Great Amer Rest Co, et al v. Domino's Pizza, et al

Filing 920090930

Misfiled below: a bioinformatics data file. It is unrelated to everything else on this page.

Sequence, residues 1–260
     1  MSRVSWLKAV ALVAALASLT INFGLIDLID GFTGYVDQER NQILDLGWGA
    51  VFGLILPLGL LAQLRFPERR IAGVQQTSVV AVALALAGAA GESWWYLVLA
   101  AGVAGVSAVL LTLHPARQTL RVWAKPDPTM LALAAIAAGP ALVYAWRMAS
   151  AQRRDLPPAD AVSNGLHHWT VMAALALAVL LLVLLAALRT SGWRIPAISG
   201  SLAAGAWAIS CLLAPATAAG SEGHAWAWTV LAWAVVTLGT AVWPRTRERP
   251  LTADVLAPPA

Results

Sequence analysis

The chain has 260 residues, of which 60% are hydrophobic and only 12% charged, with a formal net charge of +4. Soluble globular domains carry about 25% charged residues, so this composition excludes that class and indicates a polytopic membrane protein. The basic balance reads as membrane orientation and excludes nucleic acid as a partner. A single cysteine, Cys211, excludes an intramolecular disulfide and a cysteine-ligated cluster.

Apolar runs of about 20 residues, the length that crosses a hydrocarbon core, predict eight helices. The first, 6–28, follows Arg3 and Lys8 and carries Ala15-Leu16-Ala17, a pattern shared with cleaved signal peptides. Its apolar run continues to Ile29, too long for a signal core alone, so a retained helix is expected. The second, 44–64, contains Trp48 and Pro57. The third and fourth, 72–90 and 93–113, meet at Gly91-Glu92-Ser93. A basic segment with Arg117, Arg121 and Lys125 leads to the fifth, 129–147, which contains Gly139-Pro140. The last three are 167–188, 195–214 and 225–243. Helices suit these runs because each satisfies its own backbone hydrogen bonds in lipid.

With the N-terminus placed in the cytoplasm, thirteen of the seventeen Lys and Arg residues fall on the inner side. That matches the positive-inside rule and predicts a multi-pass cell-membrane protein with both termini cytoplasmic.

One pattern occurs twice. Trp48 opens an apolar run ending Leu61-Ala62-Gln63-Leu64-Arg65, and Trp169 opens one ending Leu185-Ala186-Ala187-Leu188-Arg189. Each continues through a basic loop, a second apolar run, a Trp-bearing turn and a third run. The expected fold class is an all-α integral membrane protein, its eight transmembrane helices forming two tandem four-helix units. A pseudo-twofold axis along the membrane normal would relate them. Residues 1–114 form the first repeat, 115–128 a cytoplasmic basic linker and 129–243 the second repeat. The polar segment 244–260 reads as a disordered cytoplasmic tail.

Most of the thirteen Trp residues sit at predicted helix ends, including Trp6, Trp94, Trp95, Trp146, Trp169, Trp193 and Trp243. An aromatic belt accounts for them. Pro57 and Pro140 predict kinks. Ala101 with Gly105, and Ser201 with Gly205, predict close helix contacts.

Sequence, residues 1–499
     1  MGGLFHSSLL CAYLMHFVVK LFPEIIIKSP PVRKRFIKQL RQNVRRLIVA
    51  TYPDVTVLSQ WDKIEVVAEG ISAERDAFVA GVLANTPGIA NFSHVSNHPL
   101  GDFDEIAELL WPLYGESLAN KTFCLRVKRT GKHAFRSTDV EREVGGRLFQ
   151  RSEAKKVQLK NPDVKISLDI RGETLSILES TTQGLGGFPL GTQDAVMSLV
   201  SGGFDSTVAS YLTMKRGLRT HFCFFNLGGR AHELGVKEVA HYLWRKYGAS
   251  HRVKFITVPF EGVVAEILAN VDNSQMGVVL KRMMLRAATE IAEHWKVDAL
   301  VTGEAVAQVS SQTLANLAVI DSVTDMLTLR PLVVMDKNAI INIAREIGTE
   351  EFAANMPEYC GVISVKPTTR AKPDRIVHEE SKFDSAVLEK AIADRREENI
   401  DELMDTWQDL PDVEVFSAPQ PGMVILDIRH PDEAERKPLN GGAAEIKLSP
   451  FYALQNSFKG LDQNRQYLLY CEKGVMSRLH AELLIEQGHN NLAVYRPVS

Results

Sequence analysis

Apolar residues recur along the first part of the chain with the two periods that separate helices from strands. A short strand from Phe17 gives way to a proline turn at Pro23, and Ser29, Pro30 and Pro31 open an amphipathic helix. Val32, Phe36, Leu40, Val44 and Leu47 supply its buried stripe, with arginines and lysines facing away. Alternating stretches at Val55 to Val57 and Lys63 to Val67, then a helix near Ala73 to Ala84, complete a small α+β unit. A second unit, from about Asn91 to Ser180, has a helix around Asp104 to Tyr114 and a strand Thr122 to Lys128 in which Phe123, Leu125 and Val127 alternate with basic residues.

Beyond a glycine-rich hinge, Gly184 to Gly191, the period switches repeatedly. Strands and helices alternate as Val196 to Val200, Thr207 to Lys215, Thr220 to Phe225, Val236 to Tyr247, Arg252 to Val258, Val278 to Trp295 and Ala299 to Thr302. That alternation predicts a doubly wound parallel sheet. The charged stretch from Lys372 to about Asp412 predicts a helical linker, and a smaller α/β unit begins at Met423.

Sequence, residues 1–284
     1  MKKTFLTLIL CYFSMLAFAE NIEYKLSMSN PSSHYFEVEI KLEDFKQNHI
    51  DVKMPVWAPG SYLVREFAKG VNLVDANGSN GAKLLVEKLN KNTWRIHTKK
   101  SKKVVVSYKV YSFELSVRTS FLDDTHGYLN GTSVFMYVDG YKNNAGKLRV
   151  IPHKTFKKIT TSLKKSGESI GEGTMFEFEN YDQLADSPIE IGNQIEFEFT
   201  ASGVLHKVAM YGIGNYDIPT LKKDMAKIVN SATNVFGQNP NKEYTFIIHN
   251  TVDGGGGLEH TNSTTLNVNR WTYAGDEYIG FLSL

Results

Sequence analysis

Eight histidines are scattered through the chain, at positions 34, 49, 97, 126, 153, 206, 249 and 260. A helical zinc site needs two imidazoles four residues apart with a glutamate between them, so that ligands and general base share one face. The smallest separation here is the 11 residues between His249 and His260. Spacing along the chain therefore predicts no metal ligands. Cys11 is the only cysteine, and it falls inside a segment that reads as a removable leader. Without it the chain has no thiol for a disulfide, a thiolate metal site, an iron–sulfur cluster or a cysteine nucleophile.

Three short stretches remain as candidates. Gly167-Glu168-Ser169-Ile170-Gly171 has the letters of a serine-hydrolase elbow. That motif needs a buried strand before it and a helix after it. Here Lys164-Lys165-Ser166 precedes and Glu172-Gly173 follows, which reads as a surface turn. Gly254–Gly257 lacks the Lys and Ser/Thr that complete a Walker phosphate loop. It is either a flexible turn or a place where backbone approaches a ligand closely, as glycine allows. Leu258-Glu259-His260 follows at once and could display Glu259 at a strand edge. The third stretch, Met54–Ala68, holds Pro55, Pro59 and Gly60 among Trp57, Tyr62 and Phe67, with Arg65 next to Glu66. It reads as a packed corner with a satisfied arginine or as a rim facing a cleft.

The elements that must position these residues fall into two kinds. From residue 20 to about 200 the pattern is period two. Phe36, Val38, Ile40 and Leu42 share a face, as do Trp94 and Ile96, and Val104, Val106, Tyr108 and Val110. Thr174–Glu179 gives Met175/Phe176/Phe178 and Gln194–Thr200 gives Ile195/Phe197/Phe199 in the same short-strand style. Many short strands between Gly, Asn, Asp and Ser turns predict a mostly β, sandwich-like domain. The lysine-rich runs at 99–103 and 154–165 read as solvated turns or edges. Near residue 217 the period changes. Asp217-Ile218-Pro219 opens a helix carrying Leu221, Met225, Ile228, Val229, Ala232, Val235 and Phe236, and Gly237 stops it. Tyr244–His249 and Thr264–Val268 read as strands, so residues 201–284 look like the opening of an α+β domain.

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IN THE UNITED STATES COURT OF APPEALS United States Court of Appeals FOR THE FIFTH CIRCUIT Fifth Circuit FILED September 30, 2009 No. 08-40654 Charles R. Fulbruge III Clerk THE GREAT AMERICAN RESTAURANT COMPANY Plaintiff - Appellant v. DOMINO's PIZZA LLC; DOMINO'S INC; DOMINO'S PIZZA INC Defendants - Appellees Appeal from the United States District Court for the Eastern District of Texas USDC No. 4:07-CV-52 Before JOLLY, DeMOSS, and PRADO, Circuit Judges. PER CURIAM:* The Great American Restaurant Company ("Great American") owns and operates a chain of restaurants in the Dallas, Texas, area called "Brooklyn's Old Neighborhood Style Pizzeria" ("Brooklyn's"). Brooklyn's has a registered trademark in the name of the pizzeria and one in the phrase "A taste of the old neighborhood." Appellees Domino's Pizza LLC, et al. ("Domino's") introduced a style of pizza they called "Brooklyn Style Pizza" ("BSP"), and initially used the Pursuant to 5TH CIR . R. 47.5, the court has determined that this opinion should not be published and is not precedent except under the limited circumstances set forth in 5TH CIR . R. 47.5.4. * No. 08-40654 phrase "A taste of the old neighborhood" to advertize the pizza. Great American filed claims against Domino's under both the Lanham Act and the common law alleging trademark infringement of both of its trademarks. We review a district court's grant of summary judgment de novo. Bd. of Supervisors for La. State Univ. Agric. & Mech. Coll. v. Smack Apparel Co., 550 F.3d 465, 474 (5th Cir. 2008). Summary judgment is appropriate only "if the pleadings, the discovery and disclosure materials on file, and any affidavits show that there is no genuine issue as to any material fact and that the movant is entitled to judgment as a matter of law." F ED. R. C IV. P. 56(c). When evaluating a summary judgment motion, we resolve all reasonable inferences in favor of the nonmoving party and do not weigh the strength of the evidence. Reeves v. Sanderson Plumbing Prods., Inc., 530 U.S. 133, 150 (2000). Two central factual issues were contested at trial and on appeal. First, the parties dispute whether "BSP" is generic or descriptive. If it is simply generic, it cannot legally infringe on any mark. Small Bus. Assistance Corp. v. Clear Channel Broad., Inc., 210 F.3d 278, 279 (5th Cir. 2000) ("A trademark cannot be infringed by the generic term for the product it designates."). If "BSP" is descriptive, on the other hand, it has the potential to infringe absent a showing of the affirmative defense of fair use, which Domino's did not raise. Second, Domino's contended that there was no likelihood of confusion as to source between Domino's "BSP" and Brooklyn's pizzerias. Summary judgment was improper if there was a genuine issue of material fact with respect to whether Domino's use of the phrase created a likelihood of confusion, if there was also a genuine issue of material fact with respect to whether the phrase "Brooklyn Style Pizza" is merely generic. Here, there were material factual issues on both of these questions. There was evidence from multiple sources indicating that there is no such thing as a "Brooklyn style pizza," meaning that the phrase could not be generic 2 No. 08-40654 or even descriptive. There was also a factual dispute as to what the term would describe (that is, whether it was another term for a New York style pizza or described a different type of pizza altogether), casting further doubt on the phrase's characterization as generic or descriptive. Furthermore, Great American presented evidence indicating a likelihood of confusion caused by Domino's use of "BSP." This court assesses the likelihood of confusion using a list of several nonexclusive factors, or "digits," including, among others, the similarity of the marks, the similarity of the products, and actual confusion. Scott Fetzer Co. v. House of Vacuums, Inc. 381 F.3d 477, 48485 (5th Cir. 2004). In addition, although this court has never analyzed a case of reverse confusion in the infringement context (which arises when, as here, a larger and more well known company uses the mark of a smaller senior user), other courts have addressed the "commercial strength" of the junior user's mark when assessing reverse confusion. A&H Sportswear, Inc., v. Victoria's Secret Stores, Inc., 237 F.3d 198, 230 (3d Cir. 2000). Great American presented direct evidence relating to actual confusion in the form of testimony from Brooklyn's managers who received calls from customers attempting to use Domino's coupons. Evidence of the likelihood of confusion also arose from the fact that the Domino's phrase was so similar to Brooklyn's trademark. Domino's use of the exact words of Brooklyn's trademarked slogan "A taste of the old neighborhood" for ten months can lead to an additional inference of likely confusion, notwithstanding Domino's eventual discontinuation of the slogan. Although Domino's presented evidence that Brooklyn's pizzerias and Domino's pizzas were different products, a factual issue as to their similarity remained based on the fact that both companies are in the pizza-delivery business. Finally, there was evidence indicating that "BSP" had acquired secondary meaning associating it with Domino's due to Domino's 3 No. 08-40654 extensive advertising campaign; such evidence of the "commercial strength" of the defendants' mark is probative in cases of reverse confusion. We do not comment on the strength of this evidence. We do find, however, that Great American has presented enough evidence to create a genuine issue of material fact, such that the case, on this record, cannot be decided on summary judgment.1 For the reasons stated above, the summary judgment is VACATED and the case is REMANDED for further proceedings. VACATED and REMANDED. Inasmuch as we find that the evidence leaves disputed issues of material fact to be decided with respect to liability, we do not reach the issues relating to experts and damages. 1 4